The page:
Diabetic Foot Care

Diabetes can be dangerous to your feet. Even a small cut can produce serious consequences. Diabetes may cause nerve damage and lead to a loss of sensation in your feet. Diabetes may also reduce blood flow to the feet, making it harder to heal an injury or resist infection. As a result, you could develop a blister, sore, or break in the skin. This could lead to an infection or a non-healing wound that could put you at risk for foot-related complications.

It is important that you inspect your feet every day and seek care early if you do get a foot injury. Make sure you have a podiatrist to check your feet at least once a year and more often if you have foot problems. You should be seen if your foot changes color, shape, or just feels different, such as a decrease in sensation or increase in pain. Schedule a podiatric evaluation today for a comprehensive diabetic foot screening.

Some general guidelines for those with diabetes include the following:

Inspect your feet daily: Check for cuts, blisters, redness, swelling or nail problems. Use a magnifying hand mirror to look at the bottom of your feet.

Bathe feet in lukewarm, never hot, water: Keep your feet clean by washing them daily. Use only lukewarm water.

Be gentle when bathing your feet: Wash them using a soft washcloth or sponge. Dry by blotting or patting and carefully dry between the toes.

Moisturize your feet but not between your toes: Use a moisturizer daily to keep dry skin from itching or cracking. But do not moisturize between the toes as this could encourage a fungal infection.

Cut nails carefully: Cut them straight across and file the edges. Do not cut nails too short as this could lead to ingrown toenails. If your nails are thickened or if you have difficult cutting them, call to schedule an appointment.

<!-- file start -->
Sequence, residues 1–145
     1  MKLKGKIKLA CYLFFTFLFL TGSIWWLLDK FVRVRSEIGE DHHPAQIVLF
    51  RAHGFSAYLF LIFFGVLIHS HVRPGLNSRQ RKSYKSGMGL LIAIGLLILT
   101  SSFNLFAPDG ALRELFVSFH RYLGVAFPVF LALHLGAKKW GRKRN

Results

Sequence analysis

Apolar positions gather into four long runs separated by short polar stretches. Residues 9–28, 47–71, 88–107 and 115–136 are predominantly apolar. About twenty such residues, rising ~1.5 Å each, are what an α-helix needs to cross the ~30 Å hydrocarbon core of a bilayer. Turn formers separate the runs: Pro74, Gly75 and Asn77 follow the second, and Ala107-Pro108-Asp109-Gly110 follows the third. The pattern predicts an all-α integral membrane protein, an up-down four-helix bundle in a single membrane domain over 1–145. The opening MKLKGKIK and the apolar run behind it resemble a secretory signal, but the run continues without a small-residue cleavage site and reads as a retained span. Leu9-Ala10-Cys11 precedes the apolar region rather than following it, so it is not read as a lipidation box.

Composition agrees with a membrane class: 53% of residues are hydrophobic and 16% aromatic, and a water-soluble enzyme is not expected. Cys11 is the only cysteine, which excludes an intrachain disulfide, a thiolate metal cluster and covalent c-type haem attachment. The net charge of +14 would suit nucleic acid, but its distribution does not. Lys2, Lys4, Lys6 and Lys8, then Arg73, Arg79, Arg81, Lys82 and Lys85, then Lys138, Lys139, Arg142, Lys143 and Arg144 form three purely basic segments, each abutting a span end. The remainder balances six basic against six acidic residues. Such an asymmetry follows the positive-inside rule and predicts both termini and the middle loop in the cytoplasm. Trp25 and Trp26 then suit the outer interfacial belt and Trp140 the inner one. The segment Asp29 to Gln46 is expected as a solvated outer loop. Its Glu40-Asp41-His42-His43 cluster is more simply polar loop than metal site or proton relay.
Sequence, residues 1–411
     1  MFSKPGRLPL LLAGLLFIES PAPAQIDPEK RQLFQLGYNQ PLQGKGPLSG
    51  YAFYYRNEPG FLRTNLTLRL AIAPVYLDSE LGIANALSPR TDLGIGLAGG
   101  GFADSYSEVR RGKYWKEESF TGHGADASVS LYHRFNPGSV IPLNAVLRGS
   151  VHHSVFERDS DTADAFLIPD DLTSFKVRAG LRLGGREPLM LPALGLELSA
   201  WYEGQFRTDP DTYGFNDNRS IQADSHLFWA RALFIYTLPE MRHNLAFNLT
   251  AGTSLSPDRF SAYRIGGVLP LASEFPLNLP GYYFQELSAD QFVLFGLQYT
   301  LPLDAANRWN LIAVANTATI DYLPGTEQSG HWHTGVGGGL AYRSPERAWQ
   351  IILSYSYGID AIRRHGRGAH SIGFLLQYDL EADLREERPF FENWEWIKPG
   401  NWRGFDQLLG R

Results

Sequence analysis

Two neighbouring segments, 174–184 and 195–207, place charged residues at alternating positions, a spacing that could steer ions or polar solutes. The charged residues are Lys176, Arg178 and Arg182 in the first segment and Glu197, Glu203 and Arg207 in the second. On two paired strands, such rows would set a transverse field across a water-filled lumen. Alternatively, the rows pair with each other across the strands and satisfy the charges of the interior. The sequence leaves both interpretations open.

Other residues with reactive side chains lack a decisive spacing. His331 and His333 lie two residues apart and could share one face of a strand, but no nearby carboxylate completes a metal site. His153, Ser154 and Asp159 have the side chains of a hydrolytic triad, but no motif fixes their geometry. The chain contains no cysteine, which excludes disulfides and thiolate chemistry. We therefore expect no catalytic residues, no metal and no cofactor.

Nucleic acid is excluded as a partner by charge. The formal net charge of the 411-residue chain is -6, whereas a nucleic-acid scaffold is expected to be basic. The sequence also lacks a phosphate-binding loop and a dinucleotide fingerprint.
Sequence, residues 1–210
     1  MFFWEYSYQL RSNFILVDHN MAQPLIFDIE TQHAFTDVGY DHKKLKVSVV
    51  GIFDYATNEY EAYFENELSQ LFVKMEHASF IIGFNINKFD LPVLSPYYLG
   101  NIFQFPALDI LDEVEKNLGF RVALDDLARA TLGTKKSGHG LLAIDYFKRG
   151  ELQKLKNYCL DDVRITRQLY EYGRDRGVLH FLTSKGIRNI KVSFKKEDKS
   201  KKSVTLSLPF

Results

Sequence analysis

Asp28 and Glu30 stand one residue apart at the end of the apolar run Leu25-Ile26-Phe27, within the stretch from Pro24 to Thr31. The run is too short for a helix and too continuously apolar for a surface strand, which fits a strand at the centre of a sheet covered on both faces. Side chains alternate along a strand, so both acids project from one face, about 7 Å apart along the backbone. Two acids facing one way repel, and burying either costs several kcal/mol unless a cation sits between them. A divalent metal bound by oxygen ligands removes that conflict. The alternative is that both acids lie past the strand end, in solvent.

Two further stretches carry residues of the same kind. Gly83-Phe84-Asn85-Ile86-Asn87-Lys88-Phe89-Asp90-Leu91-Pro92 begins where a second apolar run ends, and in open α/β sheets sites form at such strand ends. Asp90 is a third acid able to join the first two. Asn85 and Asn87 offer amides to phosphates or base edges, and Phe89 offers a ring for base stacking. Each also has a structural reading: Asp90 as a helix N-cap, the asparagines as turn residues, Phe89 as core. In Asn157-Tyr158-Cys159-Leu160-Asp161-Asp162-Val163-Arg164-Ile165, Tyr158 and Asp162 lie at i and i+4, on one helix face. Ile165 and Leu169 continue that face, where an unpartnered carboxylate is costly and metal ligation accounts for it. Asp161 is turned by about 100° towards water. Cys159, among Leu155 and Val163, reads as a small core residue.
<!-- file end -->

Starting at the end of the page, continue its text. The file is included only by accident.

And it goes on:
Never treat corns or calluses yourself: No “bathroom surgery” or medicated pads. Schedule an appointment for appropriate treatment.

Wear clean, dry socks: Change them daily.

Consider socks made specifically for patients living with diabetes: These socks have extra cushioning, do not have elastic tops, are higher than the ankle and are made from fibers that wick moisture away from the skin.

Wear socks to bed: If your feet get cold at night, wear socks. Never use a heating pad or a hot water bottle.

Shake out your shoes and feel the inside before wearing: Your feet may not be able to feel a pebble or other foreign object, so always inspect your shoes before putting them on.

Keep your feet warm and dry: Do not let your feet get wet in snow or rain. Wear warm socks and shoes in winter. Never use hot water bottles, heating pads, or electric blankets. You can burn your feet without realizing it.

Consider using an antiperspirant on the soles of your feet: This is helpful if you have excessive sweating of the feet.

Never walk barefoot: Not even at home. Always wear shoes or slippers. You could step on something and get a scratch or cut that can lead to a wound or ulcer. Wear comfortable shoes that fit well and protect your feet. Check inside your shoes before wearing them. Make sure the lining is smooth and there are no objects inside. You may benefit from custom molded shoe gear from your podiatrist.

Take care of your diabetes: Keep your blood sugar levels under control. Make sure you are under the supervision of your primary care doctor.

Do not smoke: Smoking restricts blood flow in your feet.

Get periodic foot exams: Seeing your podiatrist on a regular basis can help prevent the foot complications of diabetes. Call to schedule an appointment today.

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